A 200W solar panel is roughly $1000 and is 4.5' x 3'.  So I am going to need 9 of these panels to run my AC and it will take up about 15' x 8' of roof space.  Whoa $9000 for solar to run 1 AC unit, that can't be right.  Well, it is and it isn't, I'll come back to that in a bit.

Okay, what about batteries?  Okay, so I need roughly 1800W of power, and at 12V that comes to 1800W/12V = 150A.  Cool, my battery is 250 AH, so I can run my AC for 250/150 = 1 hour and 40 minutes.   What, only 1 hour and 40 minutes?  Yep, and then that battery will be completely dead, and need to be recharged.  Well, I really want to run my AC for longer and I want to run 2 of them sometimes, so I'll get 4 really good deep cycle batteries.  Whoa, that costs how much?  Wow, this power stuff is getting exspensive.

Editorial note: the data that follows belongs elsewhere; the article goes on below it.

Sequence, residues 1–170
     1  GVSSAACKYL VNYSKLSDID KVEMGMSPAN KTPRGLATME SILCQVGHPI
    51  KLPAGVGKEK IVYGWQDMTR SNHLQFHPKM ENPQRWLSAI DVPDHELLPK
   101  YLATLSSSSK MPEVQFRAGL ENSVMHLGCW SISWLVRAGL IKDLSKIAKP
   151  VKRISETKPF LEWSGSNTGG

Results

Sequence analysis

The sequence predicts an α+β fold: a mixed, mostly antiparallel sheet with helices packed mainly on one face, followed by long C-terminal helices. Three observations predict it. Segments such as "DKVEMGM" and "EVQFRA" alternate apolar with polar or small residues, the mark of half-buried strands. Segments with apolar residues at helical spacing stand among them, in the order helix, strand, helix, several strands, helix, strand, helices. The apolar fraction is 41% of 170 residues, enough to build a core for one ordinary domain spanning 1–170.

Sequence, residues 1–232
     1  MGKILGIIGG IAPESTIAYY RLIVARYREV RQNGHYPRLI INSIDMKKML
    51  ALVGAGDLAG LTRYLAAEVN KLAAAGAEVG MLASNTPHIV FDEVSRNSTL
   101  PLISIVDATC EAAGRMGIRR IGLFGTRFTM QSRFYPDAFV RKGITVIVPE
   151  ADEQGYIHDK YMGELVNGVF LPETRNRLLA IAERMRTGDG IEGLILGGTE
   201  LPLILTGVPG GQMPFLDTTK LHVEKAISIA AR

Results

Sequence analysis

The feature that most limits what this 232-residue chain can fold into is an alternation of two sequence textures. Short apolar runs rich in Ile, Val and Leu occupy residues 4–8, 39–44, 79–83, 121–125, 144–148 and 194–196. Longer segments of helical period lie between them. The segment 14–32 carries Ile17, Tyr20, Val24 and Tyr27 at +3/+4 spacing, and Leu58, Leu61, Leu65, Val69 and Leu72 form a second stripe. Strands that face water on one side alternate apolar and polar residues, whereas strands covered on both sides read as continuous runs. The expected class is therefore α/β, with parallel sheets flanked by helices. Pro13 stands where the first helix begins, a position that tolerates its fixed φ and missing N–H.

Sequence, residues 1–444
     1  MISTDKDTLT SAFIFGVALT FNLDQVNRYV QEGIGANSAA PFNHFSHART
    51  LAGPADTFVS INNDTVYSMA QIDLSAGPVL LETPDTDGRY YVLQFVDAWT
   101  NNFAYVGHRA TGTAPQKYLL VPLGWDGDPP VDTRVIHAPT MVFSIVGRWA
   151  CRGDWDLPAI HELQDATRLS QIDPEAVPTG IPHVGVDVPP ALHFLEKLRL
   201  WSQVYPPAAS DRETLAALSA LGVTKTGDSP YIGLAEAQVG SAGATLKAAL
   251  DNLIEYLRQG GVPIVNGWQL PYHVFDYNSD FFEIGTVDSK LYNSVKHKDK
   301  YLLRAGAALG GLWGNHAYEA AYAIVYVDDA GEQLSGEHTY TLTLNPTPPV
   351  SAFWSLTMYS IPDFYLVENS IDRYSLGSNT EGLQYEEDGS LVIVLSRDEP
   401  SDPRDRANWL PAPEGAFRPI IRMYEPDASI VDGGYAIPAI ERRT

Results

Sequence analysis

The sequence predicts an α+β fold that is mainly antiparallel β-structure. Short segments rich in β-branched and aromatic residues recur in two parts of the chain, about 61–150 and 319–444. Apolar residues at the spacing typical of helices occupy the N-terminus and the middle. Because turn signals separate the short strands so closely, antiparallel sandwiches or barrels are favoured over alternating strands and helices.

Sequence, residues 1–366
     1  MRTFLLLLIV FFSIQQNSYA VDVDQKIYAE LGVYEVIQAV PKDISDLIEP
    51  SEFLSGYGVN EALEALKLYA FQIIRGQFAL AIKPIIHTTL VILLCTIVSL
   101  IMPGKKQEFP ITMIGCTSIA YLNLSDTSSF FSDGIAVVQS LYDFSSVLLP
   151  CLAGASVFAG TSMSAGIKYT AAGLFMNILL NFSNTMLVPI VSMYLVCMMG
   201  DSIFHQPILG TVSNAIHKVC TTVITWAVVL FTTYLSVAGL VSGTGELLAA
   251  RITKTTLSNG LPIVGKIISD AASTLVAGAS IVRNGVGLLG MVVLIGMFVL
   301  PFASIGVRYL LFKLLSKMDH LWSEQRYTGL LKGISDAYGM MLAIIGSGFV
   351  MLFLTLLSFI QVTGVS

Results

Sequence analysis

Okay, so your batteries are dead and you need to recharge them.  No problem, I'll use my $1000 200W solar panel.  Keeping it simple, that solar panel can supply 16A at 12V to charge my batteries.  (It will be worse than this for alot of reasons.)  Again power out = power in.  So, let's suppose I drained my 4 batteries using 150A for 4 hours (AC cycled on and off all day and night), for a total of 600AH.  My solar cell can supply 16A, so it will take 600/16 = 38 hours to charge my batteries.   Whoa!  Okay, so I wil use a 100A charger off my genset, that will only take 6 hours.  What 6 hours?  Gee I could have just run my genset to run the AC's and only had to run it for 4 hours.